Last is always a brick wall limiter. This is the tool that makes you mix as loud as any other recording. Some daws have tools call levelers. They're the same thing. I suggest using the same one for awhile till you know its capabilities. I've used Waves L2 for years because it adds that bright edge most hit rock songs have. I do have others I use as substitutes in all these steps. I swap them out to get different flavors depending on what the music needs. How much for any one particular song is purely a matter of experience mixed with good taste. Its not something you learn to do over night. Think of it more along the lines of being a life long profession just like playing an instrument is and you'll go farther faster and understand the work involved getting you there.
Old 6 days ago
  #8
Lives for gear
Quote:
Originally Posted by wrgkmc View Post
Too many amateur musicians think compression is an absolutely necessity instead of seeing it as a crutch to help crappy players maintain an even volume level.
It's neither. Music is extremely varied and some by nature will be well served with some, some with a lot, some with little or none. "An even volume level" is nothing to brag about per se. In fact it can be "crappy," again depending on the specifics.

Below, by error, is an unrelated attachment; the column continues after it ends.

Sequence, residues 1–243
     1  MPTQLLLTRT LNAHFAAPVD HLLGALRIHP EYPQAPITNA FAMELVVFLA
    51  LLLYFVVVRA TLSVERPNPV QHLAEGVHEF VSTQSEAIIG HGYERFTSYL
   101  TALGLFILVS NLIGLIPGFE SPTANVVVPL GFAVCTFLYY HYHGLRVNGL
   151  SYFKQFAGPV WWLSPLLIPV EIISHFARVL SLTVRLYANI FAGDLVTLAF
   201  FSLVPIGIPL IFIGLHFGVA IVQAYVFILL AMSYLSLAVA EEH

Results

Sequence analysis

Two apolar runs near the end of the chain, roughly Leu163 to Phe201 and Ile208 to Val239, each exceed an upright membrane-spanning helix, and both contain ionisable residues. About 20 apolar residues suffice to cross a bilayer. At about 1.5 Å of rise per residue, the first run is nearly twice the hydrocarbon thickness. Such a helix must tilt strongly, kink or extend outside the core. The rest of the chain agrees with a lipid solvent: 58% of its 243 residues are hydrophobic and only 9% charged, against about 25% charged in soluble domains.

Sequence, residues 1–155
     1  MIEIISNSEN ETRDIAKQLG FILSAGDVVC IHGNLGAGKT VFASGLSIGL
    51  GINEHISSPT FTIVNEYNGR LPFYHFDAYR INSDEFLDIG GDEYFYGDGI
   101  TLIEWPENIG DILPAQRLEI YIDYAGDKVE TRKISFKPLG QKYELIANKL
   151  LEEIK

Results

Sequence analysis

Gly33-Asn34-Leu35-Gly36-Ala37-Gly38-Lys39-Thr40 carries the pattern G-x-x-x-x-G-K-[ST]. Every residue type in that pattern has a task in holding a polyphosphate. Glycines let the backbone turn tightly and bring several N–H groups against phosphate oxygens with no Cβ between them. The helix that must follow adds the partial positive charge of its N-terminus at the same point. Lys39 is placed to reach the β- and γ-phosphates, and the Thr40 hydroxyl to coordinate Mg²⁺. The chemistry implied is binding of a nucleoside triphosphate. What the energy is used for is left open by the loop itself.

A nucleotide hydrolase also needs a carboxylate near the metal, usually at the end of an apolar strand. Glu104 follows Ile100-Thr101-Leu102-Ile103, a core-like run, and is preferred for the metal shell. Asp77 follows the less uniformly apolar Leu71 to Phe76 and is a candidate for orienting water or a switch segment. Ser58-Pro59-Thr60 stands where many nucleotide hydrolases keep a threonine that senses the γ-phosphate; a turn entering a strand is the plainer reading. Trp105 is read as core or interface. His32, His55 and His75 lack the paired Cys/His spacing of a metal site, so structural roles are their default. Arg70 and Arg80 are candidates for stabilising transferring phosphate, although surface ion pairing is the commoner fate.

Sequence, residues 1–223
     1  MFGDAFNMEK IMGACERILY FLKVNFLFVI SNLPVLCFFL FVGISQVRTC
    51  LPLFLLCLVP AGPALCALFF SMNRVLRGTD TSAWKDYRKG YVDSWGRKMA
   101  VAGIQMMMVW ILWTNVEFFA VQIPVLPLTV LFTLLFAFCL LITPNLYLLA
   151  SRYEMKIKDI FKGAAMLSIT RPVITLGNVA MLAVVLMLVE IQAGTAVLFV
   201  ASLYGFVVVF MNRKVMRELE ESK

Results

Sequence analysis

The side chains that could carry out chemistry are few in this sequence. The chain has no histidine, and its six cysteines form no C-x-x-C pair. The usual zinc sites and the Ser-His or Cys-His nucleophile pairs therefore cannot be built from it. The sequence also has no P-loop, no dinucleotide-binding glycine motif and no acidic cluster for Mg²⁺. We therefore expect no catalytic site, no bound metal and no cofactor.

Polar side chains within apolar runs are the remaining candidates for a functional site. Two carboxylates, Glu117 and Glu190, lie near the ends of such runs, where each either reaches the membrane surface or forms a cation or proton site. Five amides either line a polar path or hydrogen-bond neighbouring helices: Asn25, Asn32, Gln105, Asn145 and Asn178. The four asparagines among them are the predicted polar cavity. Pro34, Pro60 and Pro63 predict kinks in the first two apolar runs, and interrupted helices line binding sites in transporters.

Old 6 days ago
  #9
Lives for gear
 
skillz335's Avatar
Compressor= automatic volume control... Similar to penciling in volume automation or riding the faders. Basically it can brings the lows up and or push the highs down. But some compressors have a "sound" that depends on its components. Also with hardware compressors you should be cognizant of its reaction times.
Post Reply

Welcome to the Gearslutz Pro Audio Community!

Registration benefits include:
  • The ability to reply to and create new discussions
  • Access to members-only giveaways & competitions
  • Interact with VIP industry experts in our guest Q&As
  • Access to members-only sub forum discussions
  • Access to members-only Chat Room
  • Get INSTANT ACCESS to the world's best private pro audio Classifieds for only USD $20/year
  • Promote your eBay auctions and Reverb.com listings for free
  • Remove this message!
You need an account to post a reply. Create a username and password below and an account will be created and your post entered.


 
 
Slide to join now Processing…
Thread Tools
Search this Thread
Search this Thread:

Advanced Search
Forum Jump
Forum Jump